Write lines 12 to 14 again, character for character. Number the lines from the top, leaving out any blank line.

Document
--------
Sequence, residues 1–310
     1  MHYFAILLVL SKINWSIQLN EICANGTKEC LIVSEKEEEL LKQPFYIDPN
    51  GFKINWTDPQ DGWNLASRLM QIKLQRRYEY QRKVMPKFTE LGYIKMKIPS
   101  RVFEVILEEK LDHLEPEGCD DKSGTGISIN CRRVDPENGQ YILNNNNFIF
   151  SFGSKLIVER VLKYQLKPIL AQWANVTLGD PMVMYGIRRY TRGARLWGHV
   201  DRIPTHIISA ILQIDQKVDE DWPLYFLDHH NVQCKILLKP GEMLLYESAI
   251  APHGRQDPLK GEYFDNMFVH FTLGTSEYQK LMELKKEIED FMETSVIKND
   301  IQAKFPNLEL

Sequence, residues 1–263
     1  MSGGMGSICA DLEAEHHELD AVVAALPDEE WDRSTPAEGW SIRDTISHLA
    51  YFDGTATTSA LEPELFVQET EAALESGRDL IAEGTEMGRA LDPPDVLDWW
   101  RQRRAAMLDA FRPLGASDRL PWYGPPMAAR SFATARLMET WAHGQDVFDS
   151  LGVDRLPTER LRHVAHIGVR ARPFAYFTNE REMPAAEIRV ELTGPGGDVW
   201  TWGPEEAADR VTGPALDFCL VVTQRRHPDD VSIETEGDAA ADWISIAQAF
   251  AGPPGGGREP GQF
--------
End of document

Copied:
   101  RQRRAAMLDA FRPLGASDRL PWYGPPMAAR SFATARLMET WAHGQDVFDS
   151  LGVDRLPTER LRHVAHIGVR ARPFAYFTNE REMPAAEIRV ELTGPGGDVW
   201  TWGPEEAADR VTGPALDFCL VVTQRRHPDD VSIETEGDAA ADWISIAQAF